For those Americans who were around for both dates some interesting parallels come to mind.
Immediately in the wake of the Japanese attack on Pearl Harbor in 1941, Americans rallied with a historic vigor. We put together an impressive war machine and took decisive action to right the wrongs that had been heaped upon us by foreign powers.
And in the aftermath, and even during the period of our heroic response, Americans were respected and revered. Those people who at first despised Americans came to love and respect the men and women in Europe and Asia who had either invaded or liberated their
Today, American servicemen and women dare not be seen in public in their once proud uniform. They are despised, they are threatened, they are even murdered, often by the people they had come to aid.
Then we look at our present leader: indecisive, confused, pathetic in his inability to respond decisively to foreign aggression.
We gaze aghast as we see the mantle of strength and power that was worn by the American president, is now on the shoulders of foreign leaders who once bowed to our strength; it's draped over the shoulders of tin pot dictators who we once bribed in an effort to curry favor. Leaders of countries that once came to us with hat in hand, now mock us and laugh in our faces as second-rate bureaucrats in our government lie to the American people and scurry about to save their own incompetent skins. Nations that Americans liberated, rebuilt, and aided in innumerable ways are now spitting in our face.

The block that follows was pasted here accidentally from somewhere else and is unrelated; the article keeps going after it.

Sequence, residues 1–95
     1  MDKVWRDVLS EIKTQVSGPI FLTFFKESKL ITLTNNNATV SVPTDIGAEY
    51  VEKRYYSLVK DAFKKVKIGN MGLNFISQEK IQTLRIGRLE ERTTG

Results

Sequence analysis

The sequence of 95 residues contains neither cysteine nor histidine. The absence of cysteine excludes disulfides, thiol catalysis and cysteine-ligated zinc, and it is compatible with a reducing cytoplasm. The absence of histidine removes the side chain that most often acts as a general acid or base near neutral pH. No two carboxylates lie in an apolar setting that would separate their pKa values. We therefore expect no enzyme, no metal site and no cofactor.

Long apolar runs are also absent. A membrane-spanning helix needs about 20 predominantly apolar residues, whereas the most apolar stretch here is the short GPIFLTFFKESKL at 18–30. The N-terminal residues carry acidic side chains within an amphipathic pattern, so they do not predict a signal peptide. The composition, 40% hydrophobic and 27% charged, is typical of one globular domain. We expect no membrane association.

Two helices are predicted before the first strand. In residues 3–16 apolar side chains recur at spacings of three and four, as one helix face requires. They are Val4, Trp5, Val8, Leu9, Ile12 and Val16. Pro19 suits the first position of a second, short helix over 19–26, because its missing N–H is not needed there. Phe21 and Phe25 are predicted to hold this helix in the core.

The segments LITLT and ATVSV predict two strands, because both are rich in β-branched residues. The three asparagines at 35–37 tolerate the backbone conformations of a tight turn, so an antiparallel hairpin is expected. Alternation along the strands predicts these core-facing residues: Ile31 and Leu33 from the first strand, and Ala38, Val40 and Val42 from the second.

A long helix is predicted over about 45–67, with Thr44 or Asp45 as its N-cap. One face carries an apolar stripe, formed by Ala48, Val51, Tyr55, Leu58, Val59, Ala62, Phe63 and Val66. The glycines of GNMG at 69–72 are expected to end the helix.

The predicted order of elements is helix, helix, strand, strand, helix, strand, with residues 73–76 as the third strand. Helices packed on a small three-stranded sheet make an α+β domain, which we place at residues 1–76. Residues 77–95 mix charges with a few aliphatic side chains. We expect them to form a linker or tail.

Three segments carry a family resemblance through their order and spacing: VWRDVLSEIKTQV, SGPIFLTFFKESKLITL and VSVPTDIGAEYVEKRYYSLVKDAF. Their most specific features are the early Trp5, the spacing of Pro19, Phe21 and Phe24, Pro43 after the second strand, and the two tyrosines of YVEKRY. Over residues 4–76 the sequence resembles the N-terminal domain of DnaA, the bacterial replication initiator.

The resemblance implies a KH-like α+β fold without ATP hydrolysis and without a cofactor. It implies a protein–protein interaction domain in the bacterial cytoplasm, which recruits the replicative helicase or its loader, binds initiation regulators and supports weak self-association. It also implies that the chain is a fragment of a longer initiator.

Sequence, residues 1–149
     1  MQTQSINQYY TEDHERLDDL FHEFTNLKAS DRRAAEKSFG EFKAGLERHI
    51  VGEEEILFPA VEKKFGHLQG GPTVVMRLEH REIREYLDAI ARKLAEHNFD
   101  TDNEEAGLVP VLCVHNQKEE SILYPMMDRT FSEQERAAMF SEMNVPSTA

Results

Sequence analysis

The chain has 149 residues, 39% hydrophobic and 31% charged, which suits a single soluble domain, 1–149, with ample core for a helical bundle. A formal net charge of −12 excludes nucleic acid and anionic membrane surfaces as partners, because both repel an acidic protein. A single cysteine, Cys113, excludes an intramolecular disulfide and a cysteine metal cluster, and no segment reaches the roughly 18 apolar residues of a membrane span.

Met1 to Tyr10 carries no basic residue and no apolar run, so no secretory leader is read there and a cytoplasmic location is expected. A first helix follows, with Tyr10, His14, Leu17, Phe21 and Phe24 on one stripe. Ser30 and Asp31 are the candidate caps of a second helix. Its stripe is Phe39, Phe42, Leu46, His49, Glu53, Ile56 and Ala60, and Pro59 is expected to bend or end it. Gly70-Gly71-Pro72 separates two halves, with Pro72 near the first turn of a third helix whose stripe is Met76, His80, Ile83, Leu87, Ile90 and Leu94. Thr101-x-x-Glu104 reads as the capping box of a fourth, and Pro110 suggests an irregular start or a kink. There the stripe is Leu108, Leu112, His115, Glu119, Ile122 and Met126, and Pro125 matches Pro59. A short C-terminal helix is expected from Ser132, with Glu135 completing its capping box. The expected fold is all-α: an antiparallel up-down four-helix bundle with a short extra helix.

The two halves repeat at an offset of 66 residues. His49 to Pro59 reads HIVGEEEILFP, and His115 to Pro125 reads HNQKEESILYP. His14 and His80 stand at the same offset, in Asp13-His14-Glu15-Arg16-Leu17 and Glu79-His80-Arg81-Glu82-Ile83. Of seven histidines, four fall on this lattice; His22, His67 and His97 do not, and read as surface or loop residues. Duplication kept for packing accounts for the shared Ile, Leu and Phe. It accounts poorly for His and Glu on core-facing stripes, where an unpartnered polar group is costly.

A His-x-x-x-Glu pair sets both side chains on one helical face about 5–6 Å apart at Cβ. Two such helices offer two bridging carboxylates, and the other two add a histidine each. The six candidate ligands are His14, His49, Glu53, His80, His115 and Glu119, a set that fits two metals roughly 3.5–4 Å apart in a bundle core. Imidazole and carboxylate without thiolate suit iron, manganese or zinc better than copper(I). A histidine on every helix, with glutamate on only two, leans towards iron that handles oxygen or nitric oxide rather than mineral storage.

And regrettably, America has passed the baton of power it once held with pride to the hands of those who once groveled at our feet.
In the year 2013, we remember Pearl Harbor; we remember 9/11; we also sadly remember what was once a proud and mighty nation.
Quod erat demonstrandum.
What Has Become of Our Country
When most of us old timers were trudging through elementary and secondary school we learned about the history of our country. We studied many of the travails that went with the building of our once great nation. At this time we learned to honor those who fought and died for their their flag.
We celebrated many historic occasions, we sang our National Anthem, and we said a silent prayer for those who gave their lives for their land. We were a proud people; a patriotic lot who revered our heroes.
So it stunned many of us on the 19th of this month when 15 U.S. Congressmen, who patriotic Americans elected to office dishonored the families and the memory of two American heroes who gave their lives for their country in a distant land.